Algae genes able to restore blind people"s vision?

Algae genes able to restore blind people"s vision?

Scientists have suggested that blind people may soon be made able to see, due to a light-sensitive gene taken from algae.

Researchers at the University of Southern California believe that they may be able to replace damaged retinal cells with similar ones found in the green pond matter.

The technique has reportedly proved successful in mice and now developers are keen to try it out on human eyes within the next two years.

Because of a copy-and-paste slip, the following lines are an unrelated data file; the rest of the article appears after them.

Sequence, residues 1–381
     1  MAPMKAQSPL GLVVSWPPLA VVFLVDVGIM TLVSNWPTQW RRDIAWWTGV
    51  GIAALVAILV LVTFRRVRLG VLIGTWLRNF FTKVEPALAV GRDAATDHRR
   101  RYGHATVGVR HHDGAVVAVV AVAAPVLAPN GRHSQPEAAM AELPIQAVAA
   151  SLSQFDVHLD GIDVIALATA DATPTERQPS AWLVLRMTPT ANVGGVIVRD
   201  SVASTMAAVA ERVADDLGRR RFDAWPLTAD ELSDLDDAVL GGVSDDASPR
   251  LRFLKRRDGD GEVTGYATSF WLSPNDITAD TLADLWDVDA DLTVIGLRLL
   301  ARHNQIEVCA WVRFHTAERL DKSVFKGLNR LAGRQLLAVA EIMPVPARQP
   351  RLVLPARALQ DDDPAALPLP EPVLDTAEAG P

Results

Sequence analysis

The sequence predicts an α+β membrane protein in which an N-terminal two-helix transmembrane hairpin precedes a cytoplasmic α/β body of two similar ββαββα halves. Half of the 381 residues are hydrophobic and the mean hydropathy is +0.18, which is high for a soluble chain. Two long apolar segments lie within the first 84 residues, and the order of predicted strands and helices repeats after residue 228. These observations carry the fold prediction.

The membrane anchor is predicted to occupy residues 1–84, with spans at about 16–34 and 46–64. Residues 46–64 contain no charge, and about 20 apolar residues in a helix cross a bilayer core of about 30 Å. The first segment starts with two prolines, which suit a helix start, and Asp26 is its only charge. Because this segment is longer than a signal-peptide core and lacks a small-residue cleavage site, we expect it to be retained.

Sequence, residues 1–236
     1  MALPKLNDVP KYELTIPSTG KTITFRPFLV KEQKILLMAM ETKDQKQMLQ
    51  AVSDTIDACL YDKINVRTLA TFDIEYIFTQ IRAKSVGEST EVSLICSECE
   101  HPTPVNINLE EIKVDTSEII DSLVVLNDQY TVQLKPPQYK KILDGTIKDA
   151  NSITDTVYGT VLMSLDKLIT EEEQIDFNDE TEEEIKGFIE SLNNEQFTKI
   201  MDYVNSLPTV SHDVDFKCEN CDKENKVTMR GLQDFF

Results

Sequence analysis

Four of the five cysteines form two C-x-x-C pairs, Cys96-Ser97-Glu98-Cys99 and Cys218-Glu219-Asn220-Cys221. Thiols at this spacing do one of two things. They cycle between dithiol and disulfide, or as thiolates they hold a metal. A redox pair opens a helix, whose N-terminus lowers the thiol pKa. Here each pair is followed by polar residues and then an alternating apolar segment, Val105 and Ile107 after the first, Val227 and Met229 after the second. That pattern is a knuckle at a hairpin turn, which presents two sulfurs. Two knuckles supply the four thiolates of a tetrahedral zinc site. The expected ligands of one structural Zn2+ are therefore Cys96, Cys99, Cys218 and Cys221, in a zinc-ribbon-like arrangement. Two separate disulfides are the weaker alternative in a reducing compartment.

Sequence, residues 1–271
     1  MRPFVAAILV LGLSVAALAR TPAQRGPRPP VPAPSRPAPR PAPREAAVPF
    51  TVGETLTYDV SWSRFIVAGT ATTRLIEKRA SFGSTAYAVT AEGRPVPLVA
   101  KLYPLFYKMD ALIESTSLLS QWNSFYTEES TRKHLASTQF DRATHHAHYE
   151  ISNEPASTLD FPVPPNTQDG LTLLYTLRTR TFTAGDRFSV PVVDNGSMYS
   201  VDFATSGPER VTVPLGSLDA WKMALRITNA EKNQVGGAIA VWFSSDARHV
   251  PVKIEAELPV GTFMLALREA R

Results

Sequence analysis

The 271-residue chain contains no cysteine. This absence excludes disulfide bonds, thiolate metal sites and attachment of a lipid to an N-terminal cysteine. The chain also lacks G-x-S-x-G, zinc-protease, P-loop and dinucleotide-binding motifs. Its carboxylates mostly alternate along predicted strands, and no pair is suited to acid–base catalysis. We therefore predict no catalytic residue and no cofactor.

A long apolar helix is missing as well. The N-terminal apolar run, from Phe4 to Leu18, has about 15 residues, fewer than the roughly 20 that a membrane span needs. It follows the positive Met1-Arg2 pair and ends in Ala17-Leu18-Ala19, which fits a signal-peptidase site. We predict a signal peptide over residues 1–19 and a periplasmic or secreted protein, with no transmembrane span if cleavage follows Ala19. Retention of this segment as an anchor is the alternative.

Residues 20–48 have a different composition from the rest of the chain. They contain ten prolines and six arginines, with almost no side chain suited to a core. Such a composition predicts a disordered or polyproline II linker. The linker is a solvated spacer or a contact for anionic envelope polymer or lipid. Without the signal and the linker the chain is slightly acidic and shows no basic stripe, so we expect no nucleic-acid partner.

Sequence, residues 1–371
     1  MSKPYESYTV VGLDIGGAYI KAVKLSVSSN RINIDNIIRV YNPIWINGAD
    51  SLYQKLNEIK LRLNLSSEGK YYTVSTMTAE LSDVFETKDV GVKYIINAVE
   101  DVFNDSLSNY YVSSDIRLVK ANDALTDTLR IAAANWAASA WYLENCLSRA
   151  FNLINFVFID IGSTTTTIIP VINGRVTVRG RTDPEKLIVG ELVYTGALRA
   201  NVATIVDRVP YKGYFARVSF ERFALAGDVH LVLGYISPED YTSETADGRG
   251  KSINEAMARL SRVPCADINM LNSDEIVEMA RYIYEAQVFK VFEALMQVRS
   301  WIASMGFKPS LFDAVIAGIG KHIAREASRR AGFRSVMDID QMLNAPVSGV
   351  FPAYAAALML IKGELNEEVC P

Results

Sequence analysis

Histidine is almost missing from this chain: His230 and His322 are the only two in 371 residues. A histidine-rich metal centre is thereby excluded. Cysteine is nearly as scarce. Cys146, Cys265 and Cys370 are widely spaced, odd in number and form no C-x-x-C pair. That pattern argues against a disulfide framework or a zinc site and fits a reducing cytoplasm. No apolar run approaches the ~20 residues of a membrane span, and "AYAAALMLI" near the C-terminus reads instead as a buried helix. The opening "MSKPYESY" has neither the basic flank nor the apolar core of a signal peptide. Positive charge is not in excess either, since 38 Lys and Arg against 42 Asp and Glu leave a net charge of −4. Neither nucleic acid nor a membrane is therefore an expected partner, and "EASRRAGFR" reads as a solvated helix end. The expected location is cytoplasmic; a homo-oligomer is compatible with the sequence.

"The idea is to develop a treatment for blindness," Alan Horsager, from the university, told the New Scientist.

It is thought that more than one million people are affected by vision problems caused by damaged or malfunctioning retinas in Britain alone.

Meanwhile, a US eye care specialist has reassured concerned parents that exposure to TV and computer screens should not lead to blindness.

Speaking to the Sioux City Journal, Dr Beth Bruening explained that, while excessive television watching and video gaming may cause eye strain, it is unlikely to ever result in vision loss.

by Adrian Galbreth

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